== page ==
Following an extensive tender process, the Riverlinx consortium have now been nominated as preferred bidder to complete detailed design and build the Silvertown Tunnel. The project will be procured through a Design, Build, Finance and Maintain contract, with payments by TfL starting only once the tunnel is open and available for use. TfL will also be able to reduce payments should the tunnel not meet certain key standards, such as availability for use by traffic and physical condition. Over the last 20 years TfL has developed significant experience in how to manage similar contracts, which have successfully helped deliver extensions to the Docklands Light Railway. Funding the project this way not only shifts financial risks onto the private sector, but also incentivises them to deliver the scheme as efficiently as possible. It also reflects the fact that TfL receives no ongoing investment for roads from the Government - and that from 2021, the £500m Vehicle Excise Duty paid by Londoners and collected by central Government will nearly all be invested in roads outside the capital. This, along with the fact that TfL's funding arrangements with Government are currently only certain until March 2021, means it has no dedicated income stream to pay for capital roads projects like this.

Throughout the Summer, the consortium will work to confirm financial arrangements with lenders in respect to the project and set up the supply chain. Only once these are all agreed will TfL award them the contract for the project. Construction and maintenance costs will be covered via a user charge on both the new tunnel and the existing Blackwall Tunnel, which will also help to manage traffic demand and journey reliability and ensure predicted air quality improvements are delivered. This user charge is a legal requirement as part of the planning approvals and therefore will need to be implemented when the tunnel opens. The exact charge levels for various types of vehicles using the tunnel will be decided closer to the opening date.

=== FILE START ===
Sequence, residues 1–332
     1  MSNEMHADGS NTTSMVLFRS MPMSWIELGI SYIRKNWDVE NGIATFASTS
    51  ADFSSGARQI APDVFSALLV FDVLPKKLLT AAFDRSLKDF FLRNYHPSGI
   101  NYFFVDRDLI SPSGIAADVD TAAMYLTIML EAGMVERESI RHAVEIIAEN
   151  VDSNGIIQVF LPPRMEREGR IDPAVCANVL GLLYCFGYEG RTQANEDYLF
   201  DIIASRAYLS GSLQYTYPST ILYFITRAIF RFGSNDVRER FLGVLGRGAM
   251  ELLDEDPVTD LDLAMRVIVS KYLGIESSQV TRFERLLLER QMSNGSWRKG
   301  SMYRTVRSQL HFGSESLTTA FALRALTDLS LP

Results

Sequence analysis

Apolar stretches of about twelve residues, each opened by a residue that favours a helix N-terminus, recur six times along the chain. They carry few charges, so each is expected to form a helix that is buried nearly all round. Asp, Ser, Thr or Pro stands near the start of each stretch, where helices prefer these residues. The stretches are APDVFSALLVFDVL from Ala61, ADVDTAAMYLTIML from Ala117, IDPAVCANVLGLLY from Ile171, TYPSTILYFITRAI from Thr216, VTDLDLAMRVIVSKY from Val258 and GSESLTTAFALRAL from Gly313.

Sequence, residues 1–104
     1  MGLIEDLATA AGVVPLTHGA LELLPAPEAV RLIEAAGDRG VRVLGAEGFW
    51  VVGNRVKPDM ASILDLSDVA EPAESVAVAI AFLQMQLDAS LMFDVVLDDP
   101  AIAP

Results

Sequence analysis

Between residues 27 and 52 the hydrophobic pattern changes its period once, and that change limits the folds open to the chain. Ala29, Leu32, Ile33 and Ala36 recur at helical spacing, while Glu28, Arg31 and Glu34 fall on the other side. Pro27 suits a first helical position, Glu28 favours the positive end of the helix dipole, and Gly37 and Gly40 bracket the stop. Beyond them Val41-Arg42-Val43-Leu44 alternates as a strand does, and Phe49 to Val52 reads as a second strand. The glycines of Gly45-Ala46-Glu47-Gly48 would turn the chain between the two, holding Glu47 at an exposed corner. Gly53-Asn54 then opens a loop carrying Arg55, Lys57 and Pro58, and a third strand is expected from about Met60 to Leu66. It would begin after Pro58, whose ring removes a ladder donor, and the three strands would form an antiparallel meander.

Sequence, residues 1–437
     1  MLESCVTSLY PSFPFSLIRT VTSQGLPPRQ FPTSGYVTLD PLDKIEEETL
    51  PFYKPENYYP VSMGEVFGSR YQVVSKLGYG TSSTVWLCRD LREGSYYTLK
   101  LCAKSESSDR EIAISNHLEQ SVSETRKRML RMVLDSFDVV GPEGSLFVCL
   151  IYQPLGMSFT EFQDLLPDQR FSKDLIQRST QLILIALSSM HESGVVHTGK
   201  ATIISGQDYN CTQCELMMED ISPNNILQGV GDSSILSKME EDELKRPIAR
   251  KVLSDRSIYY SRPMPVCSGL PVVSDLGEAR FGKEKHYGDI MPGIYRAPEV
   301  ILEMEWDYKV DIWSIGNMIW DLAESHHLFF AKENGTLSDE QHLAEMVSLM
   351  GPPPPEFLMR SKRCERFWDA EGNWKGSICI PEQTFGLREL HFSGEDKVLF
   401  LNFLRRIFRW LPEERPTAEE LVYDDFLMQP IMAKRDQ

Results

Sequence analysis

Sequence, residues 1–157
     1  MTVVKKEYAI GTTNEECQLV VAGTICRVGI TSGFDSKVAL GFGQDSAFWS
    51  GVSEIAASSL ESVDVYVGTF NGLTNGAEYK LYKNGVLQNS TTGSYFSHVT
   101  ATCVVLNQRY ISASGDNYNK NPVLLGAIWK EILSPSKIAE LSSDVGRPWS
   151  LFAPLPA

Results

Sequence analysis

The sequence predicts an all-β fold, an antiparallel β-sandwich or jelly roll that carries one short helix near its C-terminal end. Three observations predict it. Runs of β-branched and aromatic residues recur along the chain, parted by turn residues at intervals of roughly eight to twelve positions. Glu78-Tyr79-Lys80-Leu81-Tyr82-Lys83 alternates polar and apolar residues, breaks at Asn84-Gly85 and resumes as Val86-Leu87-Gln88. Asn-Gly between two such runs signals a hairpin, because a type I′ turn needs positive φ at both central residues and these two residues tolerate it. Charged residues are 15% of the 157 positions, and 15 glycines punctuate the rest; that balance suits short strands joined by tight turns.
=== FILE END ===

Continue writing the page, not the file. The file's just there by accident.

Alex Williams, Director of City Planning at TfL said:

'The need for more river crossings in East London, to unlock growth and give residents and businesses better access to jobs and services, has been clear for decades. The Silvertown Tunnel, which is vital to support London's economy, has been designed to resolve the existing congestion problem around Blackwall, improve overall air quality and enable new cross-river bus routes to be introduced.
'We are absolutely committed to ensuring that the project is delivered with minimal impact to local residents. We will closely monitor noise and air quality during construction and traffic levels and emissions once the tunnel is complete.'

For more information about the Silvertown Tunnel project, please visit www.tfl.gov.uk/silvertown-tunnel

Notes to editors:

  • With congestion and air quality around the Blackwall Tunnel predicted to get worse in the coming years as London's population grows, the Silvertown Tunnel, along with the extended Ultra Low Emission Zone, are vital to provide a more reliable crossing, as well as ensuring goods and services can continue to move around London.  Population and traffic growth will be particularly notable in this area of London, owing to the major developments underway and planned on Greenwich Peninsula and at the Royal Docks, Stratford and Barking Riverside.
  • During construction, both the consortium and TfL are committed to ensuring that the majority of construction material is transported by river, that all on-site construction machinery at least meets the Mayor's Non-Road Mobile Machinery Low Emission Zone Standards, and that any vehicles working on the scheme are Euro VI and comply with the Mayor's new Direct Vision Standard.
  • All contractors working for the Riverlinx consortium will also be required to deliver a range of measures to help reduce construction impacts, including:
  1. Developing an extensive Community Engagement Plan, describing how it will keep the local community informed prior to and throughout the works;
  2. Creating local apprenticeships, job starts and educational opportunities throughout the length of the construction;
  3. A target to have at least 25 per cent of the construction team working on the crossing recruited locally.
  • As part of the wider Development Consent Order process, TfL is also legally committed to deliver a wide range of improvements and measures to reduce the impact of the new tunnel and support the wider local area. These include: